Chilean technicians exploded the top off of Las Campanas Peak in the Atacama Desert to begin the construction of a telescope ten times as powerful as the Hubble on Friday morning. The event was so apparently so celebratory, they even put some red, white and blue coloring in the explosives so they'd look like fireworks and broadcast the whole thing on the Internet. Unfortunately, bad wiring meant that the dynamite blew up a minute and a half too soon, and so the Internet watchers did not get to enjoy the oh-so-symbolic countdown. It really did look quite awesome, though.

When you look at the facts about the new telescope's potential, "awesome" seems too small a word. It's called the Giant Magellan, after all. The $700 million research tool, collectively developed by the Carnegie Institute of Washington, Harvard and others, will use adaptive optics in order to help scientists peer more clearly into deep space than ever before.  With 300 days of sunshine a year and practically no light pollution -- not many people live in the oppressively dry, terribly hot and horribly cold Atacama Desert -- the location is one of the best on Earth for a giant telescope. What's different about this telescope is the resolution. Whereas the Hubble is pretty good at being a telescope, it's a nightmare to fix. And thanks both to its location on the ground and a unique seven-mirror setup pictured to the right, the Giant Magellan is capable of capturing images of deep space like we've never seen, while not requiring a rocket launch every time there's a screw loose.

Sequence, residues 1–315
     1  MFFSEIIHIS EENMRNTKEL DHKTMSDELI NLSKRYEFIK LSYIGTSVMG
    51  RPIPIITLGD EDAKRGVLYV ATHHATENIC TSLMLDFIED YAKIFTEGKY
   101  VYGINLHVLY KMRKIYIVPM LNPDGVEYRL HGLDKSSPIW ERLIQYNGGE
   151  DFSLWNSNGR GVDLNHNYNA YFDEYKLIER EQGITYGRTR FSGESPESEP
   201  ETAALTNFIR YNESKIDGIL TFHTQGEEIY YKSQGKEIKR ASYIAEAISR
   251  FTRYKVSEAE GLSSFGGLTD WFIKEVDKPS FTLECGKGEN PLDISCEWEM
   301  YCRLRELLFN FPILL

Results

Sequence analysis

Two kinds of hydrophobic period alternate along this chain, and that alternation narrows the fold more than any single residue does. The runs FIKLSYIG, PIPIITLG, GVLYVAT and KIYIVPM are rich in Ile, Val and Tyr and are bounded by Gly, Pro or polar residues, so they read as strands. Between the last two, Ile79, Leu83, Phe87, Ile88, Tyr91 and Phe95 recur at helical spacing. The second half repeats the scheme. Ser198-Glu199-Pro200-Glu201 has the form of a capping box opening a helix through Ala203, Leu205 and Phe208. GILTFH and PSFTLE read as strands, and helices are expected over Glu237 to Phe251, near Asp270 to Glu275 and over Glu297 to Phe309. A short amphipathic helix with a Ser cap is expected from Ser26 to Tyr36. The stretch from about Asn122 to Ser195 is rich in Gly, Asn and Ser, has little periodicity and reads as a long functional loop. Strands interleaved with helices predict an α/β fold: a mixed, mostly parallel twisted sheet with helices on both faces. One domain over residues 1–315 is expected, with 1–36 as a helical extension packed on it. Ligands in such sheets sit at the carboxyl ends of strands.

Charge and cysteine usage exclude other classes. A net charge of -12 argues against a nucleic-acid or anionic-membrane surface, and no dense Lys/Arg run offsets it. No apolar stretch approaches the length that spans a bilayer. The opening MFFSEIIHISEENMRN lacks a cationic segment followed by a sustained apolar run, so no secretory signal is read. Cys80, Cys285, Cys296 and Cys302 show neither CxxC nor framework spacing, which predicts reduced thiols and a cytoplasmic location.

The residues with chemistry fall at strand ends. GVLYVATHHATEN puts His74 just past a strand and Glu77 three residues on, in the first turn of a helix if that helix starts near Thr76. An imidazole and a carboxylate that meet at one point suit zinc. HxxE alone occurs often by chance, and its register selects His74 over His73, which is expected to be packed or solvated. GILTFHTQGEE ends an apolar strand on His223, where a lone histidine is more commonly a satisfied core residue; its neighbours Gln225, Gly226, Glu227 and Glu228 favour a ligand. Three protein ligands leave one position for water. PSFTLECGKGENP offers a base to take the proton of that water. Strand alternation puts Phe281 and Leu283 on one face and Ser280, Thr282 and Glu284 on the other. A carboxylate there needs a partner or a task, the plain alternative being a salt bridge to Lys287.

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This is not the first mountaintop at Las Campanas that's been razed, and it's probably not the last. For the next six years, however, all attention is on Magellan. If completed on time, it stands the chance of beating its bigger, less creatively named and much more expensive European competitor, the European Extremely Large Telescope. Construction on that monstrosity is expected to begin later this year on the nearby Armazones Peak. Seriously, Europe: "Extremely Large?" That name sounds like a special edition Mountain Dew flavor or a Jonathan Safran Foer novel or something -- not a $1.4 billion science project.